Family-centred care: review of opinions among staff
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Family-centred care: review of opinions among staff

Kieran McLaughlin Emergency nurse practitioner, Western Health and Social Care Trust in Londonderry
Vidar Melby Senior lecturer, University of Ulster in Londonderry
Vivien Coates Professor of nursing, University of Ulster, Western Health and Social Care Trust in Londonderry

Kieran McLaughlin and colleagues present results from a literature review on the support given to families before, during and after attempts to resuscitate their loved ones

The sudden admission to an emergency department (ED) of a patient requiring resuscitation can be a traumatic experience for families, who often require a great deal of support from ED staff. The needs of such staff must be considered too if the care of patients and families during resuscitation attempts is to be improved. This article discusses the findings of a systematic review of the literature on family-centred care during and after resuscitation attempts, and reveals that, although families appear to favour witnessed resuscitation, the practice remains controversial among healthcare professionals. Chaotic workloads, time restraints, lack of education and poor coping abilities all appear to affect wider implementation of the practice in EDs.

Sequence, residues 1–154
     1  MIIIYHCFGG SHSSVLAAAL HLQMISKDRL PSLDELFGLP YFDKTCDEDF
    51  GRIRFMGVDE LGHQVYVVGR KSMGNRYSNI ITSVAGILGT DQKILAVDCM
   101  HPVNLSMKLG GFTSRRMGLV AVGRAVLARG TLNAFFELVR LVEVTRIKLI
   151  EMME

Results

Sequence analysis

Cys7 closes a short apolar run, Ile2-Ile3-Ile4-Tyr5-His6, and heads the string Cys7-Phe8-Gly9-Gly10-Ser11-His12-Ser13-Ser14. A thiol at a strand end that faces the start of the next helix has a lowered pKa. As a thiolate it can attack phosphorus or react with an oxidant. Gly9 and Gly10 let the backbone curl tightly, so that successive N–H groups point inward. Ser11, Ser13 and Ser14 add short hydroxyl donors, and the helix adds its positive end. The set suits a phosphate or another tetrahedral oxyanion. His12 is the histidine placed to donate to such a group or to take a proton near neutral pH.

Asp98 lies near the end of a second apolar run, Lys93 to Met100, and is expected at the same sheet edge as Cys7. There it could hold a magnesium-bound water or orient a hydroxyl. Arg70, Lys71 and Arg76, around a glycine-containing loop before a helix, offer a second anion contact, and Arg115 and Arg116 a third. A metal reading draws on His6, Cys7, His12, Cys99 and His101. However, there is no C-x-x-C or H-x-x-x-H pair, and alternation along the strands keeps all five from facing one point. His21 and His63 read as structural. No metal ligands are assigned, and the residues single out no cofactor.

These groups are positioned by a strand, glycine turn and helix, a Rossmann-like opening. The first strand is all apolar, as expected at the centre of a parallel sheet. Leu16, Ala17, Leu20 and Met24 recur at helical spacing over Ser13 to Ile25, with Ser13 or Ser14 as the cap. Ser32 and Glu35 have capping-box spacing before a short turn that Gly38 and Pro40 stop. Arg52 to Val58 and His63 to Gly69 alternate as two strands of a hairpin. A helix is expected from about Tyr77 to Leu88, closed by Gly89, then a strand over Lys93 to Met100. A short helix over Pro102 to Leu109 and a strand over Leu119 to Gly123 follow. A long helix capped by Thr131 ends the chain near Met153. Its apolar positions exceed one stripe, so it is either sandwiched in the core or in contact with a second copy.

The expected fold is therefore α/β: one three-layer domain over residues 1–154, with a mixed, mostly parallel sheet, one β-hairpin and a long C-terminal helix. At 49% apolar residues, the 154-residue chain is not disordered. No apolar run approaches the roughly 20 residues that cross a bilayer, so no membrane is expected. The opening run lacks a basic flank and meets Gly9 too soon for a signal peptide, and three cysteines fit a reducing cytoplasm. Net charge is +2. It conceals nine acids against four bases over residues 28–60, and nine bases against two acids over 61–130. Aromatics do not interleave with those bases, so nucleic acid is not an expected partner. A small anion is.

Emergency Nurse. 20, 9,20-25. doi: 10.7748/en2013.02.20.9.20.e1122

Correspondence

kieran373@hotmail.com

Peer review

This article has been subject to double blind peer review

Conflict of interest

None declared

Received: 16 November 2012

Accepted: 28 November 2012